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Improved type 2 diabetes and cardiovascular disease guidelines for GPs released

By Editor
22nd July 2020
Clinical guidance, Good practice Type 2 diabetes

Bitesize information to help GPs “navigate the complexities” of treating people with type 2 diabetes and other health conditions has been released.

The guidance has been put together by a global team of medical experts who were led by researchers from the NIHR Applied Research Collaboration (ARC) East Midlands.

The document covers several chronic health conditions that people with type 2 diabetes are prone to developing, but there is a particular focus on cardiovascular disease, the collective name for problems related to the heart and blood vessels, including coronary heart disease.

Cardiovascular disease affects about 30 per cent of those with type 2 diabetes and is a major cause of death.


The prevalence of type 2 diabetes is growing and very often people with the condition have other chronic health complaints which has become challenging for doctors to treat correctly based on everybody’s individual needs.

Lead author of the guidance, Dr Samuel Seidu, GP and clinical lecturer at the University of Leicester, said: “Type 2 diabetes and its associated comorbidities are growing more prevalent, and we’re finding that many healthcare professionals working in primary care require help to navigate the complexities of managing the condition.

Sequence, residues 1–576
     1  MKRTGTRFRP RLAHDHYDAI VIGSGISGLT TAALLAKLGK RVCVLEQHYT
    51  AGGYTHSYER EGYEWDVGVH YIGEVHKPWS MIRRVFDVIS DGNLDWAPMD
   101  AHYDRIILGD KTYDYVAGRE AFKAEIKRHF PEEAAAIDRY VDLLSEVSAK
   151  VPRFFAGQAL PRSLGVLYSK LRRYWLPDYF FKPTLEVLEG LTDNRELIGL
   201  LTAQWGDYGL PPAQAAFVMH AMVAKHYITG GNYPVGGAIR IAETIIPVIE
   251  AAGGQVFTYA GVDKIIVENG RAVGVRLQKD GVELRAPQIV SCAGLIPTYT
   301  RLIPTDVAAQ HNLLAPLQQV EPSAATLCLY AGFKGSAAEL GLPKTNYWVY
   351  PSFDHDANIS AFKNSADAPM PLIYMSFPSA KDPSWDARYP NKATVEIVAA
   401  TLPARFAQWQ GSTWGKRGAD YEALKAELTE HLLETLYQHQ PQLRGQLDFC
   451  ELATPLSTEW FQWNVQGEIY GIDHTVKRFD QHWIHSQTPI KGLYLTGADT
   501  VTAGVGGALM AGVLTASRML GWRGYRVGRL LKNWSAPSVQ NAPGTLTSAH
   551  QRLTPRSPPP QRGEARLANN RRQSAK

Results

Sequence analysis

“New and emerging medical therapies and evidence have changed the landscape of treating type 2 diabetes. There’s now a plethora of available treatment options, which combined with GP appointment time restraints, can make prescribing the correct medication for more than one condition quite challenging.

“The guidance we’ve drawn up offers a simple and patient-centred clinical decision-making model with practical treatment options specifically for healthcare professionals working in primary care.”

The guidance provides a breakdown of side effects and risk factors for a wide variety of type 2 diabetes therapies, as well as the positive benefits of each medication.

Professor Kamlesh Khunti, who is the Director of NIHR Applied Research Collaboration (ARC) East Midlands and is also a Professor of Primary Care, Diabetes and Vascular Medicine at the University of Leicester, added: “Type 2 diabetes can be successfully managed, and its associated complications prevented, especially if detected and treated early. However, understanding the complexity of the disease and the pharmacological options is critical for ensuring optimal patient care and improving outcomes.

“Cardiovascular disease affects nearly one-third of all people with type 2 diabetes globally, so therefore a comprehensive diabetes management plan is needed for healthcare professionals so they can educate their patients into making informed decisions, helping them to succeed in reaching their glycaemic target goals and prevent the number and complexity of serious complications.”

ARC East Midlands funds vital work to tackle the region’s health and care priorities by speeding up the adoption of research onto the frontline of health and social care.

The organisation puts in place evidence-based frameworks to drive up standards of care and save time and money.

ARC East Midlands is hosted by Nottinghamshire Healthcare NHS Foundation Trust and works in collaboration with the East Midlands Academic Health Science Network. It has bases at University of Leicester and University of Nottingham.

To access the guidelines, click here.

Photo by National Cancer Institute on Unsplash

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